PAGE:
A Shakespearian Year

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‘Winter School’ starts at The Shakespeare Centre on Wednesday. This short course has been taking place annually for many years and this time around eighty people – Shakespeare enthusiasts from around the world -will gather for a review of the last year, as far as Shakespeare is concerned. It’s also a time when we can look forward to new developments and projects for 2011.

As I look over the programme (no doubt being printed as I write this blog), it seems to me that every session programmed is in some way a highlight.

Stanley Wells will talk about developments in the debate and discussions around the Cobbe portrait of Shakespeare. Our Director, Diana Owen, will take part, with our colleague Nick Walton and me, in a session about The Shakespeare Birthplace Trust’s international work, ‘Putting a Girdle Round the Earth’. We are busily forging ahead with our digital media engagement and are a major player in the organisation of the World Shakespeare Congress in Prague from 17 to 22 July (go to www.shakespeare2011.net for more details). This conference takes place once every five years, so see you there!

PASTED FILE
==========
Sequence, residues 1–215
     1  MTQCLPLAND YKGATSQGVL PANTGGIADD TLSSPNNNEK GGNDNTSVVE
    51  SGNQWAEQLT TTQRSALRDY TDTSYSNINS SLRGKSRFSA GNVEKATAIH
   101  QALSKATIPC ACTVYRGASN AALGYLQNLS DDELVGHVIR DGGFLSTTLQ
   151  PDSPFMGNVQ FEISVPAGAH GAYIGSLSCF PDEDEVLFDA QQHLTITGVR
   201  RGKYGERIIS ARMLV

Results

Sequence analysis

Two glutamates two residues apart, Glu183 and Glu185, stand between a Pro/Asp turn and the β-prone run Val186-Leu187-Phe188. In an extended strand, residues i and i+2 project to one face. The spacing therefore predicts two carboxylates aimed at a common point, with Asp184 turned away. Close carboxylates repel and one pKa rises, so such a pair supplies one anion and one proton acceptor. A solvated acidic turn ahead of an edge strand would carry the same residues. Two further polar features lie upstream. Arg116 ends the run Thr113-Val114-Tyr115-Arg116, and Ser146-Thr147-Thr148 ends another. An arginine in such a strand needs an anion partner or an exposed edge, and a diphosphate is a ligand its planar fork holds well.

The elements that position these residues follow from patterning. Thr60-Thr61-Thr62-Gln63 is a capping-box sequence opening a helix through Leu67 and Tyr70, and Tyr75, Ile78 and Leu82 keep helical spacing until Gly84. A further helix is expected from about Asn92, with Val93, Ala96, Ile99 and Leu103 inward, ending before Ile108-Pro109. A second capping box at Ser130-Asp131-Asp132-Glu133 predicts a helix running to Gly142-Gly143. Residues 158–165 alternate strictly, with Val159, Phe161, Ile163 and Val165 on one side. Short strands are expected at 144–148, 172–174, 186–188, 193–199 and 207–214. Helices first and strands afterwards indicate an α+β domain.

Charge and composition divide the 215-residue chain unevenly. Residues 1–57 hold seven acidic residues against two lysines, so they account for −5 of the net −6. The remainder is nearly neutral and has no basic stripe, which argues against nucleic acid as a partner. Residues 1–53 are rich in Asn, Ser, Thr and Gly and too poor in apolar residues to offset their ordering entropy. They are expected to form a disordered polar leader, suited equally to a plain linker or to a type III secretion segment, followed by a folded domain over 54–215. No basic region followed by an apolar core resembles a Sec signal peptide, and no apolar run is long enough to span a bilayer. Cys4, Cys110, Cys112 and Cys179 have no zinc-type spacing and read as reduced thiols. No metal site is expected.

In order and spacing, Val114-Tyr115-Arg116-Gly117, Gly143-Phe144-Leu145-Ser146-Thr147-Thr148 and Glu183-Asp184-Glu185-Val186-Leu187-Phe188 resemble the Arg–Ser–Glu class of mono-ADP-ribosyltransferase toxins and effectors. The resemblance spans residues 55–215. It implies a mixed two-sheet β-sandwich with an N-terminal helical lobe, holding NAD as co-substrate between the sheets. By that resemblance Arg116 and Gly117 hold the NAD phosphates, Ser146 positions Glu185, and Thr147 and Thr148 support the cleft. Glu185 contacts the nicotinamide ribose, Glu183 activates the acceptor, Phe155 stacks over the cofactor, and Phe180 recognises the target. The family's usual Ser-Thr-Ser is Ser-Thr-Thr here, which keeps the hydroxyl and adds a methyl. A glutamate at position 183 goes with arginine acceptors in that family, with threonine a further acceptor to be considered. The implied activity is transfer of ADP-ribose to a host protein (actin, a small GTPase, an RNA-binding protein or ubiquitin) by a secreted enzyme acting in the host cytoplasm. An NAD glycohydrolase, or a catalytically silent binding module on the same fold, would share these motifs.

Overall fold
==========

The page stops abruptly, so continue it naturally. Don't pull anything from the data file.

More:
Jonathan Bate is coming in to talk to us about his work with Simon Callow on the recent one-man show, Shakespeare: The Man from Stratford; Emma Smith (Hertford College, Oxford) is going to be sharing her pick of last year’s Shakespeare related publications, and television historian Michael Wood is going to be reflecting on Shakespeare and archaeology in light of our ‘Dig for Shakespeare’ at New Place (which will enter phase two in March). There is more to be discovered: that we don’t doubt.

To round the course off, we have Michael Dobson and Nicky Watson coming in to share their review of Shakespeare productions from 2010. This is sure to be a lively as well as an incidentally hilarious session.

And, since the R.S.C.’s highly acclaimed production of Matilda is not one of Shakespeare’s better known works, we’ve organised two special evenings for our course participants with actors Jeffery Dench and Jane Lapotaire. But there’s sure to be an opportunity for participants to visit the newly enhanced Stratford auditoria at some point over the three-day programme.

We’re all going to have different Shakespeare memories and highlights of our last year with Shakespeare. What would yours be, whether a book, production, special visit, or exhibition?

Also, if you’d like to have your name added to the Winter School mailing list for next year, and to find out more about our public events, drop us an e-mail to education1@shakespeare.org.uk.

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Author:Paul Edmondson

Head of Research and Knowledge and Director of the Stratford-upon-Avon Poetry Festival for The Shakespeare Birthplace Trust. Follow Paul on Twitter @paul_edmondson

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